Since the board is definitely taking a play-it-safe stance, this sort of narrow-mindedness may become the future of your district. Whoever is hired to replace Mr. D’Emilio is highly unlikely to win any recognition as an innovator. He or she will live in fear, making only safe decisions or none at all.

If I were the board, I would be working very hard to find a way to keep an administrator who has shown such good will and ability and who has earned so much public support.

If you must, put him in a pillory for a weekend and let whoever wants his scalp throw pies or rotten tomatoes at him. Let the board spit on him as a more honest and direct way of purging their dislike or jealousy of him. Or fine him. Or reduce his pay. If keeping him is no longer possible by any means, accept his resignation. 

Simply losing his position is a very severe consequence for telling a lie. The lie itself is layered: It may have stemmed from an inability to communicate successfully with the angry parent and fear that a report to DCFS or the board would bring on the sort of media attention that is now in force.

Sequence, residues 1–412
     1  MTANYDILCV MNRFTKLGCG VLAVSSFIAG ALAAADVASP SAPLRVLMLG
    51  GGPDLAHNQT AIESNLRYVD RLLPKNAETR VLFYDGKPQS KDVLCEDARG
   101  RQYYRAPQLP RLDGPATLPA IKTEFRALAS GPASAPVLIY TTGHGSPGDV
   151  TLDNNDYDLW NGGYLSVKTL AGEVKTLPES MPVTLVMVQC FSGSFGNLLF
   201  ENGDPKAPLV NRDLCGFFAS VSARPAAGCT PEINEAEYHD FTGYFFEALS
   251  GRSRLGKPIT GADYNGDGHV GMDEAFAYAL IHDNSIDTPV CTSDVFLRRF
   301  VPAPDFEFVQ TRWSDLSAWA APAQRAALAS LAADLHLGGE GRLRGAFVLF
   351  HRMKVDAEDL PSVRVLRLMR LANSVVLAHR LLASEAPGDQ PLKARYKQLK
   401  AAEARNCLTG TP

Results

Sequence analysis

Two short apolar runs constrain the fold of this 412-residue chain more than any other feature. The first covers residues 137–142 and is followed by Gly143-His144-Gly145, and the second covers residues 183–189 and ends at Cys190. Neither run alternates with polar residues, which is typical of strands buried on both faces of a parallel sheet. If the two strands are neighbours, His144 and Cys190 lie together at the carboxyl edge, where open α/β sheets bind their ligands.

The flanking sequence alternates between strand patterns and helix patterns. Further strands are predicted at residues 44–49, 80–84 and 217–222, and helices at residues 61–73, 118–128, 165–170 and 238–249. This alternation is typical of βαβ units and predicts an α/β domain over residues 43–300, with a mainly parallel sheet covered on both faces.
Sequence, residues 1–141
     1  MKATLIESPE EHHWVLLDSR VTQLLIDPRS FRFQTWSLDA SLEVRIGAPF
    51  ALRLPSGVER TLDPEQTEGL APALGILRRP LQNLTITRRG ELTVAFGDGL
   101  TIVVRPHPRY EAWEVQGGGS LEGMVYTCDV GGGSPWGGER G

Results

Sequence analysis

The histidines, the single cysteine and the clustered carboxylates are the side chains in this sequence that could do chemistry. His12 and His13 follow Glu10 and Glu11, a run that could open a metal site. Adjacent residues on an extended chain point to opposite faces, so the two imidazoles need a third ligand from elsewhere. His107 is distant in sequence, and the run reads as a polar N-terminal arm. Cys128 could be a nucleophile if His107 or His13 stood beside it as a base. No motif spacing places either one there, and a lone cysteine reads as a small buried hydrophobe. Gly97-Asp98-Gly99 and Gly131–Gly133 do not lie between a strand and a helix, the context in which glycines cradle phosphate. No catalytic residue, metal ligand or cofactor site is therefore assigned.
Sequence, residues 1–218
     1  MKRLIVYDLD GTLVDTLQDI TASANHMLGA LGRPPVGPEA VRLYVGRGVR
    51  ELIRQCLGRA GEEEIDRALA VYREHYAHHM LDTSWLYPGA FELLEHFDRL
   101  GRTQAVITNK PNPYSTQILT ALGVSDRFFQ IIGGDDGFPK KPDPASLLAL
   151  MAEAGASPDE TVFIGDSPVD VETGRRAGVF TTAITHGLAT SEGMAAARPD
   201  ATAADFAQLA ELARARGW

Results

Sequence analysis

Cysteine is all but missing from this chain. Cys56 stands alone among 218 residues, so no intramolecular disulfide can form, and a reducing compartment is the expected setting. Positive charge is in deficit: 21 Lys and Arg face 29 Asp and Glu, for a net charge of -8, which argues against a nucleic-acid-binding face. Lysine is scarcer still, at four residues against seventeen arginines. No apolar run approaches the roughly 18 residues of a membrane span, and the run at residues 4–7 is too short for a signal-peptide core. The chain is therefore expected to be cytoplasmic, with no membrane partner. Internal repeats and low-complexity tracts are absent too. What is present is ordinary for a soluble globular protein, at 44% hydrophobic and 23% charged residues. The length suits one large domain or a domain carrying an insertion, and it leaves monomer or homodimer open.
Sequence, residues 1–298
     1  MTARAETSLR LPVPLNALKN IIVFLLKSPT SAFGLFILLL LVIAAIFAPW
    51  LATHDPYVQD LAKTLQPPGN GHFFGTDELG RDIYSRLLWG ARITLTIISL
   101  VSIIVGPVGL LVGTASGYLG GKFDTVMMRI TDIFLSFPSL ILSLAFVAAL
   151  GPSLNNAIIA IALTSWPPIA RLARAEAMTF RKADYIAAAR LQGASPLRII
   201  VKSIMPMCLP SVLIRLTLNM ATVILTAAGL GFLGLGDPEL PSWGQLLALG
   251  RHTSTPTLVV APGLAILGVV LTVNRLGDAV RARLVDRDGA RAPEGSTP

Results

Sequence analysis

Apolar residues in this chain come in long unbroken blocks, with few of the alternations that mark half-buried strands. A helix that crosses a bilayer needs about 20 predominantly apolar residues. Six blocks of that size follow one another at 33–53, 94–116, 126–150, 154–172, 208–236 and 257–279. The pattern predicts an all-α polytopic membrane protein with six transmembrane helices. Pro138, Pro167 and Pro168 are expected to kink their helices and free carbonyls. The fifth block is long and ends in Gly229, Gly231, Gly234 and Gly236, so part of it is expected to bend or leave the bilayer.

A lie designed to prevent this sort of disaster is a white lie that does not merit such an all-out attempt to destroy a career. If I were on the board, I would want to know in much more detail why someone who was otherwise a good communicator felt compelled to lie. I would want to know the full motivation of the parent so determined to see the case made public.

Finally, since the lie was an administrative mistake, barring him from the classroom makes no sense at all. As an outsider who knows no one involved in this fracas, I have to say that just that one part of the board’s decision alone is a strong indicator of vindictiveness as opposed to justice.

We are told to choose our fights. If I were a member of this community, I would not simply sigh and let this go. The repercussions for the district, for children and for their educations are too serious and too long lasting. I would speak up and organize a long-term resistance to this cruel and destructive decision.

Catherine J. DeMauro

Folsom, California